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Opening doors: American Cancer Society partners with Texas Biomed to train scientists from historically underrepresented groups

Applications now open for new program offering recent college graduates the opportunity to gain cancer and infectious disease research experience.

SAN ANTONIO (March 4, 2024) – A new program at Texas Biomedical Research Institute (Texas Biomed) will provide training in cancer and infectious disease research for recent college graduates, while helping increase diversity in the scientific workforce.

The American Cancer Society Post Baccalaureate Fellows Program at Texas Biomed is supported by the American Cancer Society Center for Diversity in Cancer Research Training. The initiative capitalizes on longstanding research showing the benefits of supporting scientists and trainees from diverse backgrounds and life experiences, including improving the quality of research, enhancing global competitiveness and improving public trust.

“We are pleased to bring this fellowship program to Texas Biomed and work to fill a critical gap in the workforce development pipeline,” says Ellie Daniels, M.D., M.P.H., Senior Vice President for the American Cancer Society Center for Diversity in Cancer Research Training. “Diverse perspectives in research are needed to help overcome inequities in cancer prevention, treatment and care.”

Applicants must be recent college graduates who have earned a science, technology, engineering, math or healthcare-related degree and who are interested in pursuing a doctoral degree in biomedical science, data science, population health, public health or a health profession.

The program is geared towards providing opportunities for those who are typically underrepresented in U.S. research labs – first-generation college graduates, those from economically-disadvantaged backgrounds and/or other groups underrepresented in the cancer research field. The National Institutes of Health has found people who are Black, Hispanic/Latino, American Indian, Alaska Native, Native Hawaiian or Pacific Islander are underrepresented in the sciences.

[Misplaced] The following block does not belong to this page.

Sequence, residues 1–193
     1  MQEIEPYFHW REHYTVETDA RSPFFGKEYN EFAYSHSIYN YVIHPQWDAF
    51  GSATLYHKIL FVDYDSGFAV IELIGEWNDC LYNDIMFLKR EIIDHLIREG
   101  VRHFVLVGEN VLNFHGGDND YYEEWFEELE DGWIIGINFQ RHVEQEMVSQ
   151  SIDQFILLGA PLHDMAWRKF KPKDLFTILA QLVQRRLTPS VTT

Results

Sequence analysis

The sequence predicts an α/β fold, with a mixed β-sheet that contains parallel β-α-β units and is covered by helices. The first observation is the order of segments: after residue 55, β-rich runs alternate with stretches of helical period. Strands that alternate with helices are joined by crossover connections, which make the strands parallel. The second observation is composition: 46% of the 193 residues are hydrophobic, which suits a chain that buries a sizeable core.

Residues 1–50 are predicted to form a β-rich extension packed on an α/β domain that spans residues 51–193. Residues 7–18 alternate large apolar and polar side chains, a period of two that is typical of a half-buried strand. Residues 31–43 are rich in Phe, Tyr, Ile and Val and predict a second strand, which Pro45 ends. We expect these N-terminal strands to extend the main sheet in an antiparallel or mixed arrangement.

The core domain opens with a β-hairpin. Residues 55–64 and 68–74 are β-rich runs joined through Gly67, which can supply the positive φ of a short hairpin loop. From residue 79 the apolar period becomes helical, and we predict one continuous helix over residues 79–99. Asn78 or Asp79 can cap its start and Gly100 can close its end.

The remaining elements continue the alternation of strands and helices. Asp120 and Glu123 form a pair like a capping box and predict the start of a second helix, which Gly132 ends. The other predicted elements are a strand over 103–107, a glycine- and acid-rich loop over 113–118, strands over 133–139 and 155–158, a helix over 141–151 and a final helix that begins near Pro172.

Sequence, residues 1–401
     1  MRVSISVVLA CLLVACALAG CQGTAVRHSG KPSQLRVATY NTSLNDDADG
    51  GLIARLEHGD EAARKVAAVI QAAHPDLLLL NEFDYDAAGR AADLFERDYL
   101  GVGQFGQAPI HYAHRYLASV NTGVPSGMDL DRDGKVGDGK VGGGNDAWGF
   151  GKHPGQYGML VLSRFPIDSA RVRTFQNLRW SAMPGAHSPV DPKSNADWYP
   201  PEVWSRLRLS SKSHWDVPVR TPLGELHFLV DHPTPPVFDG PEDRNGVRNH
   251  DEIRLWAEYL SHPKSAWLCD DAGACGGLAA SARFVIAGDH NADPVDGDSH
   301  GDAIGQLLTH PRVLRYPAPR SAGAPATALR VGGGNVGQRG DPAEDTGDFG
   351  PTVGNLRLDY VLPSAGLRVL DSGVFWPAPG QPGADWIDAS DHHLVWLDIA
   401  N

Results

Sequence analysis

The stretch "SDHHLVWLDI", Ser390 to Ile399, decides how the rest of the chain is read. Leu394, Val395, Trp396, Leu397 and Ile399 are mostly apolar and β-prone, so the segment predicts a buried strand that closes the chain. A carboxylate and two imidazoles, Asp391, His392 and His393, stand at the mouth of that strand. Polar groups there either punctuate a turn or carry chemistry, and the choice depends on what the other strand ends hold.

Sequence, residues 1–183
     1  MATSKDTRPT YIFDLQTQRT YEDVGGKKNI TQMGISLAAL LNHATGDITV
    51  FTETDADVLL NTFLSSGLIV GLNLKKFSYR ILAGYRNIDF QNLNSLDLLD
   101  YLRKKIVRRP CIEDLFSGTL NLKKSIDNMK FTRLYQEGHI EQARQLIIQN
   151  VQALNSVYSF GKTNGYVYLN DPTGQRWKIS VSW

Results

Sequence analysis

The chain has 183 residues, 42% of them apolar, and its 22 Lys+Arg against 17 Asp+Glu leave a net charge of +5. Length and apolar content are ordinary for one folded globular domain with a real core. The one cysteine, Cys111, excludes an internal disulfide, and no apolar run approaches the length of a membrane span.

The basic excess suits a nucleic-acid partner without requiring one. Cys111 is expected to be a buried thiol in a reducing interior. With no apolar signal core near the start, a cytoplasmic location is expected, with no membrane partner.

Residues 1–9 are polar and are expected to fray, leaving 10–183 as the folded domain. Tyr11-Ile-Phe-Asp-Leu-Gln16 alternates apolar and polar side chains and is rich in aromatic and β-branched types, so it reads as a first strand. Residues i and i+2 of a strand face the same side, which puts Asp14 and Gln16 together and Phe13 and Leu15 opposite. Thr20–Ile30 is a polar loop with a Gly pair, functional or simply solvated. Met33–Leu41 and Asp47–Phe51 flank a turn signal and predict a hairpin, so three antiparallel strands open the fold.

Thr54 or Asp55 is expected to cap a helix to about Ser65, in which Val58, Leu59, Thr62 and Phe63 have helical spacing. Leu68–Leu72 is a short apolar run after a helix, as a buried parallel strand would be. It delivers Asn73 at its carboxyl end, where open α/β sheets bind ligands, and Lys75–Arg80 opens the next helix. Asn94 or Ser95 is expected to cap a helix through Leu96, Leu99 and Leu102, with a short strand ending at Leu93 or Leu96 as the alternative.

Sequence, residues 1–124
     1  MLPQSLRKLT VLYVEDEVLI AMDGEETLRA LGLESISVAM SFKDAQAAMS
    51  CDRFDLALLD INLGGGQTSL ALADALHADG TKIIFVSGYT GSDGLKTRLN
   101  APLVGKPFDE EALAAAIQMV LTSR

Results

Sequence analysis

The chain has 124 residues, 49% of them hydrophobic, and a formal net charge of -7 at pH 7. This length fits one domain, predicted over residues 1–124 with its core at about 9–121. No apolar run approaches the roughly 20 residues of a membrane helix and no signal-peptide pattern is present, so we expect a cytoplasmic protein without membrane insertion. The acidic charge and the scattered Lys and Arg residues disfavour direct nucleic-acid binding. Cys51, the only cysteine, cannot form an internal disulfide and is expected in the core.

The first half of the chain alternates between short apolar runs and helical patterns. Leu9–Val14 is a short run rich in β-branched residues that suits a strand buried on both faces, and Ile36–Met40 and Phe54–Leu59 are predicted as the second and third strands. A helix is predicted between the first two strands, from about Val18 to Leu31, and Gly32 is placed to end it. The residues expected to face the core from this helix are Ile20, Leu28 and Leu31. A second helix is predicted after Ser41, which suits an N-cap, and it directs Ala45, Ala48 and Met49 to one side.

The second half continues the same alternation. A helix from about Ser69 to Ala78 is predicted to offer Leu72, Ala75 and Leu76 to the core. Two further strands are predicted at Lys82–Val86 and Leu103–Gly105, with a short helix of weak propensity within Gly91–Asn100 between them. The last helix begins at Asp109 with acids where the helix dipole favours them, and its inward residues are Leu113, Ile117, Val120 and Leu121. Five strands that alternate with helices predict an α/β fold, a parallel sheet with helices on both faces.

“The two-year program will immerse fellows fully in the research environment at Texas Biomed, where they will work on cancer research projects, build their skills and develop as scientists before applying to graduate programs,” says Crystal Bolden-Rush, Ph.D., the Institute’s Director of Research Education. “We are very excited to partner with American Cancer Society to offer this program and work together to ensure future generations of researchers represent our community.”

Texas Biomed joins a small group of institutes offering this American Cancer Society fellowship. As a research institute specializing in infectious diseases such as tuberculosis, HIV and COVID-19, Texas Biomed will provide a unique opportunity to train at the intersection of cancer and infectious diseases.

“There is increasing evidence that infections can cause cancer, either through driving molecular mutations or through increasing inflammation,” says Joanne Turner, Ph.D., Executive Vice President for Research at Texas Biomed. “It is also well known that the treatments for cancer can result in immunosuppression that makes a person more susceptible to infections. The link between infection and cancer is a critical and understudied area, and researching these links may result in better preventative treatments.” 

Fellows are paid a stipend and offered additional support for transportation, childcare and healthcare as needed. Texas Biomed will initially accept one fellow this year and two next year, with research beginning in the summer.

Applications are due April 1, but the portal will remain open until the position is filled. Learn more and apply: